It’s Sunday afternoon. A goliath sits in a chair that is far too small for him and creaks beneath his weight. He giggles (yes, he giggles) around the brim of his steaming coffee mug, watching with mischievous eyes as the tattoo artist he hired in the middle of the night carefully tattoos a tramp stamp onto the lower back of the dwarf who’s passed out, snoring loudly, across the table. A little gray house cat jumps up onto the goliath’s shoulder and settles in, watching the tattoo artist work.
“Won’t he be mad?” the cat asks.
Chuckling, the goliath nods his head, yes he will, if he’s ever sober enough to notice.”
Leaning back he reaches into his pocket… and pulls out a cell phone.
“Crap,” one of my players says, glaring at her dice. “These suck. I can’t roll anything over a five.”
She reaches into her crown royal bag, rummaging until she pulls out a D20. Two of my players are showing each other meme’s on their phones while I’m waiting on our wizard to find the spell she wants to cast, but didn’t prepare during other players turns because she was too distracted by her phone.
It happens every time the party enters a town. They all split off into 7 different directions so I find myself running 7 different games and my players are getting bored between turns. I’m considering having them all kidnapped, at least I can put them back together and run one game again.
Managing a Roleplaying group
We’re playing 5th edition and I’m not as familiar with it as I am with previous editions. I’ve invested in THOUSANDS of dollars in D&D over the years and I put off picking up 5th edition for as long as my players would let me. Why get the new edition when I literally have every 3.5 book, and know them like the backs of my hands? Why put more money into it? Each core rulebook runs nearly $50 so just to get the Players Handbook, Dungeon Master’s Guide and the Monsters Manual, you’re looking at roughly $150.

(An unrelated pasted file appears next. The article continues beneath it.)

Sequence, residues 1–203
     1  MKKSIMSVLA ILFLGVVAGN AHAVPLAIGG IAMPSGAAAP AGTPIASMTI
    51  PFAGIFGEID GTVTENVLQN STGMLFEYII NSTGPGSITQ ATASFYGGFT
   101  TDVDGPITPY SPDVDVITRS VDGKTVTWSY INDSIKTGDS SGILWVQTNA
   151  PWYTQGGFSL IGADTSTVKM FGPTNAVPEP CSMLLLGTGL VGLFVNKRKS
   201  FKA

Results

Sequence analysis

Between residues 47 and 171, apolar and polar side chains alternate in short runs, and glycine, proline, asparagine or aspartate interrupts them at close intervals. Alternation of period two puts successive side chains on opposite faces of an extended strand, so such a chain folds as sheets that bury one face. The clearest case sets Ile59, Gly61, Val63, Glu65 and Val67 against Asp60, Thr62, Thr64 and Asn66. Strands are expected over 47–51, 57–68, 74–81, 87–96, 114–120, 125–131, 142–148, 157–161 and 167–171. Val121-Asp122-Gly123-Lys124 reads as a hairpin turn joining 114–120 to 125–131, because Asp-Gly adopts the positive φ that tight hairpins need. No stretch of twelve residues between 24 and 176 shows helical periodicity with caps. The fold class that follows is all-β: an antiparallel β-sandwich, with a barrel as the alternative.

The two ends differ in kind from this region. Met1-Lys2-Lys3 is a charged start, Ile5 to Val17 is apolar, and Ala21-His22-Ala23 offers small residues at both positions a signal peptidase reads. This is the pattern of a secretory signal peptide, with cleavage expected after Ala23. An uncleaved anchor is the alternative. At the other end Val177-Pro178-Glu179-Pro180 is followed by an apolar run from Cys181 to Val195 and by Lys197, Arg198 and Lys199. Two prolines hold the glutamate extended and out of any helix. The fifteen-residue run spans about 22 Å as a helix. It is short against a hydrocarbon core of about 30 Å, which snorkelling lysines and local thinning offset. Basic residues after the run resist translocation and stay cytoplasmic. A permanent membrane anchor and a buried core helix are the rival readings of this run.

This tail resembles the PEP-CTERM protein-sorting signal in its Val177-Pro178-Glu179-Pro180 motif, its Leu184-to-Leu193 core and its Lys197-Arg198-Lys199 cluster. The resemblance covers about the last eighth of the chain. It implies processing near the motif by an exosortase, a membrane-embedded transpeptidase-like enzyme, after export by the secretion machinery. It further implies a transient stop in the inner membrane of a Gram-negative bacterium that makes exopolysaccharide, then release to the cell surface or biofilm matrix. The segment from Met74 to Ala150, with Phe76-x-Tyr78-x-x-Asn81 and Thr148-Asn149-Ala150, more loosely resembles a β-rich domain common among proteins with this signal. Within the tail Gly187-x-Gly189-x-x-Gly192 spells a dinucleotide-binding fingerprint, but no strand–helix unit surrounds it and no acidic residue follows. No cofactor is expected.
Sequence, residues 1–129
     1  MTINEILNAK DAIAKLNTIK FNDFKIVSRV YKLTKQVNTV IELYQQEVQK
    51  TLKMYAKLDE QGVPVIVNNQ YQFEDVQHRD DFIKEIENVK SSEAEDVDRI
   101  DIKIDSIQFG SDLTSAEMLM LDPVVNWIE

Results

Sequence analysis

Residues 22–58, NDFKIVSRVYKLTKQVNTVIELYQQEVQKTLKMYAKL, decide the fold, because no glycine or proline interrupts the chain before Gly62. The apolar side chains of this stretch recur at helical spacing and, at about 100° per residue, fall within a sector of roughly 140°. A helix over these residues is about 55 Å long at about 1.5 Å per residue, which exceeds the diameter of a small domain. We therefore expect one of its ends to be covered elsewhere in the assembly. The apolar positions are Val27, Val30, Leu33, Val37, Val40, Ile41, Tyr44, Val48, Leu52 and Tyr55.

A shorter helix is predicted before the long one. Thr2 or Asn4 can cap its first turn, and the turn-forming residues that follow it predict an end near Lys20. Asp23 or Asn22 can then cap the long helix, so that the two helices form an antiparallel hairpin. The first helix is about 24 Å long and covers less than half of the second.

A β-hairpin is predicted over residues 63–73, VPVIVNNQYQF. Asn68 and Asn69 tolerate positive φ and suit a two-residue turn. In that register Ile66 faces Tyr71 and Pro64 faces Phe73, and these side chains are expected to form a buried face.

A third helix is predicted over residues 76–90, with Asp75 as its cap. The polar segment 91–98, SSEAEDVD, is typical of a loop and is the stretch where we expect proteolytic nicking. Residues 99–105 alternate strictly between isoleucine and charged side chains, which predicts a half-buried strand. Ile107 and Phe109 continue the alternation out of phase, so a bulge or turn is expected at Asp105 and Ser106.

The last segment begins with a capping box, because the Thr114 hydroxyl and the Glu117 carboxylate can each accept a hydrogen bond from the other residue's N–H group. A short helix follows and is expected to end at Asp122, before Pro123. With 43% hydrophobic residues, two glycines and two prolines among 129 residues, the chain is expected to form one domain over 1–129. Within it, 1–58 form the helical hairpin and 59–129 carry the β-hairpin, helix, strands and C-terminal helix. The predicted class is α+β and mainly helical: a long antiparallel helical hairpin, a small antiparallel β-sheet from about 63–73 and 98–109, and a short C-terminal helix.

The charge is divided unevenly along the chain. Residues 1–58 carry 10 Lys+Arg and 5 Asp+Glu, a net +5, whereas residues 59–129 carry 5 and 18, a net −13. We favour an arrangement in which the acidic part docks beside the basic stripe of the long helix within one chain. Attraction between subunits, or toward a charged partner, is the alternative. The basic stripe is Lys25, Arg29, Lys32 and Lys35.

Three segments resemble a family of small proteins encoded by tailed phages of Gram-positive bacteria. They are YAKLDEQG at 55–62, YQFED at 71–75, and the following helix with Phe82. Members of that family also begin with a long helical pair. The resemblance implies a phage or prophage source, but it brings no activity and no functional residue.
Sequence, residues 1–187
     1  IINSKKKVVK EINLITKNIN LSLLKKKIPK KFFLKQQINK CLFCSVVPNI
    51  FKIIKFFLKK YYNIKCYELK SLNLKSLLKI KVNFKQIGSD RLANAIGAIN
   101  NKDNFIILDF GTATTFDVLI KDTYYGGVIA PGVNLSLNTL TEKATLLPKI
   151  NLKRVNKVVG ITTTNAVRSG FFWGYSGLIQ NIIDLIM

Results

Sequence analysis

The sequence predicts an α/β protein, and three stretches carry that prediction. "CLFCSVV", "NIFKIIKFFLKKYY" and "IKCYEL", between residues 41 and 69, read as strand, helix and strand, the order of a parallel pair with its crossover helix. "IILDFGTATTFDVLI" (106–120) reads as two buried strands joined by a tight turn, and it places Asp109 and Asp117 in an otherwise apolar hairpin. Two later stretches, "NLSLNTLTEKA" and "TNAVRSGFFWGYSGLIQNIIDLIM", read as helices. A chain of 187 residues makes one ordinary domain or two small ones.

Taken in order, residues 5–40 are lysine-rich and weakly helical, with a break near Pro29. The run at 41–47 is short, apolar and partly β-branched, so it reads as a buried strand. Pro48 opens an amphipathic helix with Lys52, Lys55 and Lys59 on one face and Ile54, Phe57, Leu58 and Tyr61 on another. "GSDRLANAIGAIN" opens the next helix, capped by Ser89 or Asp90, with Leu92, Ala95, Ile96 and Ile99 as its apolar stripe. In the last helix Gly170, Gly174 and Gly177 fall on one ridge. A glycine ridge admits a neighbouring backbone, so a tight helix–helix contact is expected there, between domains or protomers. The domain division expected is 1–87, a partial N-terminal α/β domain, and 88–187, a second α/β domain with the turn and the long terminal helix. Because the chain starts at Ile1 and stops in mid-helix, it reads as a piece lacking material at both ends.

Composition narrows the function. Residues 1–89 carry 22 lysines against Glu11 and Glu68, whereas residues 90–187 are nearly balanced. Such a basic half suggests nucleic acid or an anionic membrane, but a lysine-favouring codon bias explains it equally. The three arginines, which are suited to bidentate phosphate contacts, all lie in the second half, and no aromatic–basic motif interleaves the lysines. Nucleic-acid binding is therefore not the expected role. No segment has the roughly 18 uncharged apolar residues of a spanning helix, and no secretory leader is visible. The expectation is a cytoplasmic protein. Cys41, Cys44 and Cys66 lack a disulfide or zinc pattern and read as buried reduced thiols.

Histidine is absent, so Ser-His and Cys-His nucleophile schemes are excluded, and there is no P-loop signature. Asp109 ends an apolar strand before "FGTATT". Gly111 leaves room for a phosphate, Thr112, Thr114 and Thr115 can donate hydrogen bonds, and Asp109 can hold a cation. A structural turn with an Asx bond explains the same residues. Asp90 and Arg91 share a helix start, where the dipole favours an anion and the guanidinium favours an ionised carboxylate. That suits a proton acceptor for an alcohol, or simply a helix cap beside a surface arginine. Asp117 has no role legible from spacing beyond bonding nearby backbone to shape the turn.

But I broke. I picked up the core rulebooks, downloaded some apps to help, and started a game back in November of 2017 when my daughter was only six months old. My players would pass the baby around while I ran the game and got to know the new rules.
All in all, 5th edition is pretty fantastic and I’m glad I invested in it. It’s fun and takes less… math, to play. Which is a plus to someone like me who’s a bit of a math-tard.
Now, I just need to get my players back together. What, oh what should I do? Kill an animal companion? Dredge up someone from my players back story and take them prisoner by a character they slighted in the past? I thought I taught them the importance of the buddy system the last time they separated and got kidnapped but I guess the cages weren’t convincing enough.
Why play Dungeons and Dragons?
So why D&D? Why do people play this? I can’t tell you for anyone but myself and for me it’s all about the story. I play because I loved the imagination that went into it, and the social aspect of having a reason to hang out with my favorite group of nerds and experience an interactive story. As a Dungeon Master, I run because I wrote a book and needed to expand the history and economy of my world and it’s helped a LOT (Also, it’s FUN!). I now have a history that my friends got to be a part of. I keeps me creative and gives me a reason to play with and paint miniatures and collect dungeon tiles.
It’s more than just a game, D&D is a hobby. You don’t get into it unless you have a passion for it. And once you get in, you never really get out. I talk to people who say they used to play and they always say it with sadness. They say they don’t have a good group, or can never find a good Dungeon Master. It’s kind of a bummer because I wish I could collect all the group-less players and give them a game. But there are so many.
Maybe someday I’ll be in a position where I could run about 2 – 3 different games for different groups, but now is not the time.
A piece of advice for those who want to play and do not have a group: run a game, and don’t be the DM you wouldn’t want to play under.
Roleplaying is more about stories more than dice
I’ve been blessed with good DM’s. The book I wrote is basically the backstory for a character I played in a friends group several years ago, and that game was FUN. What made it fun? Story. It wasn’t about the battles and getting the most Experience Points (though that was definitely a perk). The story is what drew me.
So if you want to start a group and you want the group to stay together, focus on story as much as battle. If you want constant battle, play Warhammer.